Hope this helps a little.
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You don't have to do anything. If the place he is in now feels that he is not appropriate for their level of care, they are responsible for finding him a place that is able to manage his level of care. Usually they look in a certain radius from where they are located and go by "first bed available".

If you found someplace that is willing to take your brother, although they "put the paperwork in motion", it can take several days for them to approve his admission. They have to contact the facility that he is in now to get an accurate assessment of his condition before they approve his admission. Let the facility that he is in now know that you have begun the process & that the new place will be contacting them very soon.

They can't kick your brother out on the street. They can threaten to do whatever they want to do---just remind them that these are the days of the internet and social media. It wouldn't take long for you to post a comment somewhere that the facility forced your brother out when he had nowhere to go.

Furthermore---let them know that you will contact the state if they do anything to threaten you or your brother. That usually puts them in their place.
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Check your contract with the facility, they have to abide by that which is generally 30 days. But i would never move my mother if they told me to until i had another place. You really have to advocate for your loved one in these facilities and ensure they are protected. I am constantly all over them...in a nice way. HOLD THE FACILITY ACCOUNTABLE, THEY ARE ONLY AS YOU EFFECTIVE AS YOU MAKE THEM.
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If he is no longer combative, why do they want him out? Just because? Sounds fishy to me. I would be tempted to take a picture of the place and describe the conditions and their inability or refusal to care for your father and ask if they would like you to post this on Facebook and start a negative advertising campaign against this place. Tell only the truth, of course, so there is nothing libelous in your statements. Would you like me to post this or would you like to give me the time I need to find a more suitable place? You make your choice and I'll make mine.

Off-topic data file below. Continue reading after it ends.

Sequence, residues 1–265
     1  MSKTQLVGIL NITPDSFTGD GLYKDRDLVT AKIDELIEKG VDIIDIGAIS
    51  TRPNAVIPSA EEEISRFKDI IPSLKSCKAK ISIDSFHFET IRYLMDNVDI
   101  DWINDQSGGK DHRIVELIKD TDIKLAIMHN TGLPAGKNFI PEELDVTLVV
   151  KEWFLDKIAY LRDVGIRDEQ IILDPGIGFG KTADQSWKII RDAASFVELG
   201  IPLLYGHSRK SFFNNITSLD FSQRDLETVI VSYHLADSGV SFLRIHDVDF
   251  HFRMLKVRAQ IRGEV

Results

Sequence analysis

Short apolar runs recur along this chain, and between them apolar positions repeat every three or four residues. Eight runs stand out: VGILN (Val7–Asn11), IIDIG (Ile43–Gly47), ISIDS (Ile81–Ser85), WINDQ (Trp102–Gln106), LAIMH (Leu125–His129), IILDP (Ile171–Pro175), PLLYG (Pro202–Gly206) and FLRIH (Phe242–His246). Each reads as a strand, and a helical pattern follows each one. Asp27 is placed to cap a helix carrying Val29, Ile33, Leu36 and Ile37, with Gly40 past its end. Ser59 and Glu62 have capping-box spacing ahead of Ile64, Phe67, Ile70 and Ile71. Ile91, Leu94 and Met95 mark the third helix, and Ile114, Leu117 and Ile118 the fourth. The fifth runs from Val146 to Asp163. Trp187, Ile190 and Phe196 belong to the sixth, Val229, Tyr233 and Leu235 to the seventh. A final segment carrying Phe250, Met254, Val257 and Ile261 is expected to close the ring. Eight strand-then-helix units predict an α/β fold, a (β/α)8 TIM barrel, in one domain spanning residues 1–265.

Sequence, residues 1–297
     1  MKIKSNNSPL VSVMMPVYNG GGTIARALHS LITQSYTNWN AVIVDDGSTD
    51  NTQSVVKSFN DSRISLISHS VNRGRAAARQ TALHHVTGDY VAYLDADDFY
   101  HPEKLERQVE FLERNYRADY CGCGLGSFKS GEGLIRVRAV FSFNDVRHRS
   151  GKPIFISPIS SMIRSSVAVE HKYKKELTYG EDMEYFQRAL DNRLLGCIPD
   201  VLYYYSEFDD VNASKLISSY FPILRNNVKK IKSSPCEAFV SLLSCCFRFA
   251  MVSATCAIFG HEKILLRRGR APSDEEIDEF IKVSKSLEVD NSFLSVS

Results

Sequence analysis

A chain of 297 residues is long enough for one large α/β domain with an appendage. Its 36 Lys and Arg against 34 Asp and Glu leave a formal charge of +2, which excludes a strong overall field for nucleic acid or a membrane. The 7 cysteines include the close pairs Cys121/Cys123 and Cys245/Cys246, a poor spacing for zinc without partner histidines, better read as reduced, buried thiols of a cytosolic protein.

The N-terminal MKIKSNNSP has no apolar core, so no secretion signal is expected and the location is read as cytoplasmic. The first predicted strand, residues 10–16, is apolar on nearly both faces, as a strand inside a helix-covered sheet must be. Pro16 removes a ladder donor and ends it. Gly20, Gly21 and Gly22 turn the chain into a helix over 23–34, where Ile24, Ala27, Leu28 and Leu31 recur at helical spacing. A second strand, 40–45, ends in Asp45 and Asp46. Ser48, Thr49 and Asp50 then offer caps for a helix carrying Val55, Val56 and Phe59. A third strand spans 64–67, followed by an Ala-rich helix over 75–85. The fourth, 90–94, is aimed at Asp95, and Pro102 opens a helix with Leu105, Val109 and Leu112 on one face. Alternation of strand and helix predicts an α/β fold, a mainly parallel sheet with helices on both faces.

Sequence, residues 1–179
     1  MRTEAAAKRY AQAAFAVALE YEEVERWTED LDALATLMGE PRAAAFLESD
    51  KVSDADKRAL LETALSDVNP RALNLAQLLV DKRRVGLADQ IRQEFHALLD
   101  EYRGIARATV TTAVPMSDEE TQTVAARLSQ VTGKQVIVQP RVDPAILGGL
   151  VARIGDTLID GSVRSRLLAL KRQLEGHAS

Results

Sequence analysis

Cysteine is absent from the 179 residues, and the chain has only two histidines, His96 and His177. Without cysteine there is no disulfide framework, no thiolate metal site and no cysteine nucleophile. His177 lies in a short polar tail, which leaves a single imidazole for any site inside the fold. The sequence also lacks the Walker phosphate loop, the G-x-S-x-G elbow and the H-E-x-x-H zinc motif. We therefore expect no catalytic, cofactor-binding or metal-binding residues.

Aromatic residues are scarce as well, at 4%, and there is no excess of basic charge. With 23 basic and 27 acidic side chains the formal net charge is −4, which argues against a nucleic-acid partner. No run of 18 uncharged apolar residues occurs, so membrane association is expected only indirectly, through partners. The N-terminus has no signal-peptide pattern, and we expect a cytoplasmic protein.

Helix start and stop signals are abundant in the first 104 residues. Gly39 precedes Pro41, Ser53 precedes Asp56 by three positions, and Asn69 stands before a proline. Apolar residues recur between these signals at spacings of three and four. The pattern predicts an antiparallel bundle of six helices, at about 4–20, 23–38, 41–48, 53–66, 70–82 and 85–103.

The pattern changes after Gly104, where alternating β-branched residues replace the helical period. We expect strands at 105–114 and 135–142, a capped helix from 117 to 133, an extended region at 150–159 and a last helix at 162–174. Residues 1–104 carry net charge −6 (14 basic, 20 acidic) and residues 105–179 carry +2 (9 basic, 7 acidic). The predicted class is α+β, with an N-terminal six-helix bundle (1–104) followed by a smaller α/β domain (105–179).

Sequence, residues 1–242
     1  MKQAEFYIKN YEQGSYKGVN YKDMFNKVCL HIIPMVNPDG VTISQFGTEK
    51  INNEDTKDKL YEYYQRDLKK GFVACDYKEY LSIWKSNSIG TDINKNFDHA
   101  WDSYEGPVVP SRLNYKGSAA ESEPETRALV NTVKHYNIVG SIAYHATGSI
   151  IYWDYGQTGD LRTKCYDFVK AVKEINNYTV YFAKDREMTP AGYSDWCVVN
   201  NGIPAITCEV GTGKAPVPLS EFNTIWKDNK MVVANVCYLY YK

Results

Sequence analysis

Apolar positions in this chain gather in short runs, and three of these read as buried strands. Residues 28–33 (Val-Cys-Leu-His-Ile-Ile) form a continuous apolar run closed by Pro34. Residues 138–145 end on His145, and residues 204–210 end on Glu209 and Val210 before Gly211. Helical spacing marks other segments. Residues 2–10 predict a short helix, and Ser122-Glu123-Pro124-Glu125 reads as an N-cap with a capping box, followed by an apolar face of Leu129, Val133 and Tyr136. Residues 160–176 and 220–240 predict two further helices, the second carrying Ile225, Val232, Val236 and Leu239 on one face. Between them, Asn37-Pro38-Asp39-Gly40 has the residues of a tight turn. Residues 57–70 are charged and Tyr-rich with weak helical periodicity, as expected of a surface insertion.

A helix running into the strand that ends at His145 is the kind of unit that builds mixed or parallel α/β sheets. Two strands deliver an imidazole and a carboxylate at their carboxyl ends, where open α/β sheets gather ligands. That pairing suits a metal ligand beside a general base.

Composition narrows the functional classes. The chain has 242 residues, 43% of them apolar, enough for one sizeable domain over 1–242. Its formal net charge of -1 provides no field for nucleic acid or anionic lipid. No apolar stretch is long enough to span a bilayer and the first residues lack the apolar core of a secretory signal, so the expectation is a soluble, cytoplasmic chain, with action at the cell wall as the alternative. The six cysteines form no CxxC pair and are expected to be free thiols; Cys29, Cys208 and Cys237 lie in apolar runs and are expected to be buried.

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that's what they did with my friend's mom, got her stabilized again, then ended up not having to move her after all, was able to bring her back to where she was
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Have you tried asking to have him medically evaluated in relation to the increase lethargy and anger. It sounds to me like a visit to the hospital may be in order. By the time they are done with him at the hospital, the few days needed to have the new placement at the Alzheimer's facility should be ready. (Also any hospital has a social worker who will help get it arranged.)
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I am caregiver to my 88 year-old mom with dementia. Her safety and mine are first concern.
When you mentioned anger, I would immediately get a new assessment to balance out medications from a neurologist. Maybe you do t have access.
He needs to be calmer no matter where he is; kills me moving him is the first idea they think of.
Sending prayers you find a good solution.
Dementia stinks!!!!
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Maybe try your local Dept. of Aging to see if there is a Ombudsman for you yo talk to. They are the people that will advocate for you regarding things.
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From what I understand, unless you are your brothers legal guardian they can not force you to do anything. A way of looking at it is - what would they be doing if you weren't in the picture? If it remains in their hands however - they could find a bed in a not so great facility. I think if I were you I'd tell them you are aware they can't force you to do a dang thing but that you have a place - the day after - and that you'll move him then. I highly doubt they'll go to all the trouble to move him since your willing to do it but 24 hours past when they'd like.
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Sounds questionable. I don't think they can legally discharge him without ensuring he has a safe place to go with this little notice. If this is a memory care facility, they should also know how to handle these issues, including requesting changes in medication, possible restraints or sedation to assist in mood management to protect personnel!
Hospitals do this all the time to prevent persons from pulling out IVs, trying to escape and becoming a fall risk, etc.
I sense the facility is looking at a financial reason for wanting to discharge...he requires more labor to care for???
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My sister can also slip into this stage of dementia and by getting BETTER LABS not just going by a CBC, the deficeits can be corrected but ONLY IF YOU GET A DOCTOR THAT KNOWS THE CURRENT RESEARCH TO BE ON YOUR TEAM. Doctors are too busy to know the research and the solutions are already out there to prevent AND to remove the symptoms to where often the person is quite well again and everyone is shocked. Often it's just a UTI that's over treated with antibiotics that stripped the digestive track of beneficial bacteria which is needed for digesting food so nutrients get to the brain.